Meanwhile, President Ruto announced on September 19 that the Dominican Republic has also agreed to offer “assistance” for the proposed security mission, and that the two countries had “resolved to work together to bring peace and stability to Haiti.”
Dominican President Luis Abinader has been a consistent proponent of a military intervention to “pacify” Haiti and has called on the US, Canada, and France to take a “leadership” role. In June, Canada reached an accord to boost “assistance” to Haiti by way of increasing the staff at its embassies in Santo Domingo and Port-au-Prince. This was after disputed reports emerged suggesting that Ottawa would be setting up an office to coordinate this assistance.
Both Canada and the US have already sent armored vehicles and supplies to Haiti.
The Dominican Republic’s involvement in the UN security mission follows a few days after it closed all its borders with Haiti and suspended issuing visas to Haitian nationals.
It is also taking place in a context where President Abinader is continuing with severely racist policies and rhetoric against Haitians and Dominicans of Haitian descent in the country. This includes the mass deportations of over 170,000 people, the majority of whom are Haitian, in 2022 alone, besides routine harassment, detention, and abuse.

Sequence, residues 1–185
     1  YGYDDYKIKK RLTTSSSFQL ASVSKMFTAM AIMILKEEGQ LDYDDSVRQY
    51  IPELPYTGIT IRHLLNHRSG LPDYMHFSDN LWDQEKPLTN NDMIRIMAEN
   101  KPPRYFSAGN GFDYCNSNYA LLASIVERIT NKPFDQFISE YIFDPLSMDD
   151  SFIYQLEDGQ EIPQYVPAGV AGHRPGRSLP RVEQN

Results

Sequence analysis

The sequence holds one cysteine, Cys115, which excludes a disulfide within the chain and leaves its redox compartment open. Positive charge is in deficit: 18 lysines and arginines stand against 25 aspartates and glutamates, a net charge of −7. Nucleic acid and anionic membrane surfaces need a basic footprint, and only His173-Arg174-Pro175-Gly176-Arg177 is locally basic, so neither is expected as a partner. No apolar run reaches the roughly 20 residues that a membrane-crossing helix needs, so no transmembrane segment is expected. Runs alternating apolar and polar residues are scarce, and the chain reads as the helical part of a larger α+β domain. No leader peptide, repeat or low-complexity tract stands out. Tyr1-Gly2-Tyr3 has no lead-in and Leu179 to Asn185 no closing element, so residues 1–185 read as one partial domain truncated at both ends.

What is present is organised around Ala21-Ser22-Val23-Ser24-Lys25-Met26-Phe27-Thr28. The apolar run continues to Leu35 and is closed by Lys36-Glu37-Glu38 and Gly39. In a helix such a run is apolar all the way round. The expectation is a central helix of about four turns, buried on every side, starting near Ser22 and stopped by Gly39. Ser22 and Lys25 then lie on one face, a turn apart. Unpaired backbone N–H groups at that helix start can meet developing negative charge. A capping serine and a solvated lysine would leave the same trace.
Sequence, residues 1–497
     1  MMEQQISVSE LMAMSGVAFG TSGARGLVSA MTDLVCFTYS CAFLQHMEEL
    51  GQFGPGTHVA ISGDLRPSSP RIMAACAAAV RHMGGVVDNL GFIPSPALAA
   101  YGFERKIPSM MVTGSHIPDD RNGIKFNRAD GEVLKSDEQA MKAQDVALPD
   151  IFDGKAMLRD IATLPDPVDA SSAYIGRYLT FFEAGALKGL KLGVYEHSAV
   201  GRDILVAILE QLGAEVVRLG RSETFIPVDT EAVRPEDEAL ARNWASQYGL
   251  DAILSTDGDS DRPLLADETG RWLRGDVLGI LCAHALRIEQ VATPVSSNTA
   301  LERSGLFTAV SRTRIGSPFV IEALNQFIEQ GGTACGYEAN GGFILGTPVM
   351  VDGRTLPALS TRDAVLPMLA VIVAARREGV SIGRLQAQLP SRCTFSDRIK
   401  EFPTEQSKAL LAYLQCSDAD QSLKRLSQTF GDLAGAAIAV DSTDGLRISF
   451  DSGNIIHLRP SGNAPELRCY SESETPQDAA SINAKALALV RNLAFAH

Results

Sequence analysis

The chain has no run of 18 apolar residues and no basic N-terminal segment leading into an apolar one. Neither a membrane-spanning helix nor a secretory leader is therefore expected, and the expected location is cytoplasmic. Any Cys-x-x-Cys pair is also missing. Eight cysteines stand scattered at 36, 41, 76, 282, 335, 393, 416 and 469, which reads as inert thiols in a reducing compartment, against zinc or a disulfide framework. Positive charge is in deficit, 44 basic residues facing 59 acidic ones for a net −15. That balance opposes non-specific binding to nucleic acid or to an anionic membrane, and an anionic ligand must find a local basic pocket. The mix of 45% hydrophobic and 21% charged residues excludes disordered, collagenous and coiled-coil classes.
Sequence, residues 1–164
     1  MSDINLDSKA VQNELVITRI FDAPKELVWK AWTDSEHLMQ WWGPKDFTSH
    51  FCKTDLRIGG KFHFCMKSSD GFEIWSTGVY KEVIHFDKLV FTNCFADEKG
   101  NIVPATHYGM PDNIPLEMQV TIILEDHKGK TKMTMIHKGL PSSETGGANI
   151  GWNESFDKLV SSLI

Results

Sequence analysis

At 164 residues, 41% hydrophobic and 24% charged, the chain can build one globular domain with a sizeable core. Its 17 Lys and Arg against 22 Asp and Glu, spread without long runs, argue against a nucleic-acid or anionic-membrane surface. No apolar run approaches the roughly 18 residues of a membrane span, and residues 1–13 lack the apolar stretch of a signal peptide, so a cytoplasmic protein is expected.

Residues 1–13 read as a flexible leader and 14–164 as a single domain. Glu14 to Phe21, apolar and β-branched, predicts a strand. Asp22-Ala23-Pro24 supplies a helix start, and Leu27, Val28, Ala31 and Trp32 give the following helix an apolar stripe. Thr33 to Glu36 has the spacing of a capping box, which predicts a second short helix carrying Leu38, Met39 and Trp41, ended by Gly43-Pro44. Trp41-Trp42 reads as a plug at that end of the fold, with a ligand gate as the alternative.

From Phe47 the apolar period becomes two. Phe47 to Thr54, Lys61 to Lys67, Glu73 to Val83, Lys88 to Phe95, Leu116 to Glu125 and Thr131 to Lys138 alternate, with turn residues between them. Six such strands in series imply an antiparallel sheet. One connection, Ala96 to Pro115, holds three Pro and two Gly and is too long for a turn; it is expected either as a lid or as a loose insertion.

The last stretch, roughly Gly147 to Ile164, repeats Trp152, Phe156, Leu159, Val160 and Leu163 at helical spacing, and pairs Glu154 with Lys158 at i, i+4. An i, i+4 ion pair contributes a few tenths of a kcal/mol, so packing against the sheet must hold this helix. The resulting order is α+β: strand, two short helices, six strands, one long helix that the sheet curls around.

Other countries in the Caribbean, namely Jamaica and the Bahamas, have also announced that they will contribute forces in the event of a Kenya-led intervention.
“It is for African and Caribbean nations to break free from the shackles of Western imperialism and exploitation. Let us unite in solidarity with our brothers and sisters in Haiti and work towards a world where every nation can thrive without interference from outside,” the CPK had implored in a statement in May.
Tanupriya Singh is a writer for People's Dispatch.